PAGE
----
When the Lamb opened the third seal, I heard the third living creature say, “Come!” I looked, and there before me was a black horse! Its rider was holding a pair of scales in his hand.
Then I heard what sounded like a voice among the four living creatures, saying, “A quart of wheat for a day’s wages, and three quarts of barley for a day’s wages, and do not damage the oil and the wine!” - Revelation 6:5-6
Maybe the Iraq War is the second seal… I don’t know what the first one is. Maybe it is Bush. Now back the third seal…
Bangkok, Thailand - - Rice farmers here are staying awake in shifts at night to guard their fields from thieves. In Peru, shortages of wheat flour are prompting the military to make bread with potato flour, a native crop. In Egypt, Cameroon, and Burkina Faso food riots have broken out in the past week.
Around the world, governments and aid groups are grappling with the escalating cost of basic grains. In December, 37 countries faced a food crisis, reports the UN Food and Agricultural Organization (FAO), and 20 nations had imposed some form of food-price controls.
In Asia, where rice is on every plate, prices are shooting up almost daily. Premium Thai fragrant rice now costs $900 per ton, a nearly 30 percent rise from a month ago.
Exporters say the price could eclipse $1,000 per ton by June. Similarly, prices of white rice have climbed about 50 percent since January to $600 per ton and are projected to jump another 40 percent to $800 per ton in April.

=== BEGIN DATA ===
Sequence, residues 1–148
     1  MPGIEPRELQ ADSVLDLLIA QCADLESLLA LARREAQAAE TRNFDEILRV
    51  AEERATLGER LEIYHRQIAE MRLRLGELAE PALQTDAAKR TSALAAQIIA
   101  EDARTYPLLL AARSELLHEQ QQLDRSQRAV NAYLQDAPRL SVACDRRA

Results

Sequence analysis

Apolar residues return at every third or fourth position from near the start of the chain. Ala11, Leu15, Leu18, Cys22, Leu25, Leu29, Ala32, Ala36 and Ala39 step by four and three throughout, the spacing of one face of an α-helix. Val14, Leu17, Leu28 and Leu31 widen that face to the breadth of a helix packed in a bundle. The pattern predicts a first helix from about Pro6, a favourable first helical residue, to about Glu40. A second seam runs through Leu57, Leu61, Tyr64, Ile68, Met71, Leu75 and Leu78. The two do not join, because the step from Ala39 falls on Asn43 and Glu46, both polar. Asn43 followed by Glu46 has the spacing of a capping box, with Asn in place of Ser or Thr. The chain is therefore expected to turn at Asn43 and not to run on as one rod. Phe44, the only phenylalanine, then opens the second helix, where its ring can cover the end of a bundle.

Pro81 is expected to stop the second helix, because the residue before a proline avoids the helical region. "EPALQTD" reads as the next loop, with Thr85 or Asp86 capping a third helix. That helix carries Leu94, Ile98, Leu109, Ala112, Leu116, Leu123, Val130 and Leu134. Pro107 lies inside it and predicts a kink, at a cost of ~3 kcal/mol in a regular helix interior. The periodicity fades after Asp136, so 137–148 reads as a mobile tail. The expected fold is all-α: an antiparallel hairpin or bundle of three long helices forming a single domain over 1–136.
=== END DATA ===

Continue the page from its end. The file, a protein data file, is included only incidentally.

“It’s not likely that prices will go back to as low as we’re used to,” said Abdolreza Abbassian, economist and secretary of the Intergovernmental Group for Grains for the U.N. Food and Agriculture Organization (FAO). “Currently if you’re in Haiti, unless the government is subsidizing consumers, consumers have no choice but to cut consumption. It’s a very brutal scenario, but that’s what it is.”
No one knows that better than Eugene Thermilon, 30, a Haitian day laborer who can no longer afford pasta to feed his wife and four children since the price nearly doubled to the local equivalent of US$0.57 (€.37) a bag. Their only meal on a recent day was two cans of corn grits.
“Their stomachs were not even full,” Thermilon said, walking toward his pink concrete house on the precipice of a garbage-filled ravine. By noon the next day, he still had nothing to feed them for dinner.
Courtesy of Randall Parker:
I am afraid, I think peak oil will exacerbate this problem. I also found this article about Malthusianism in the WSJ: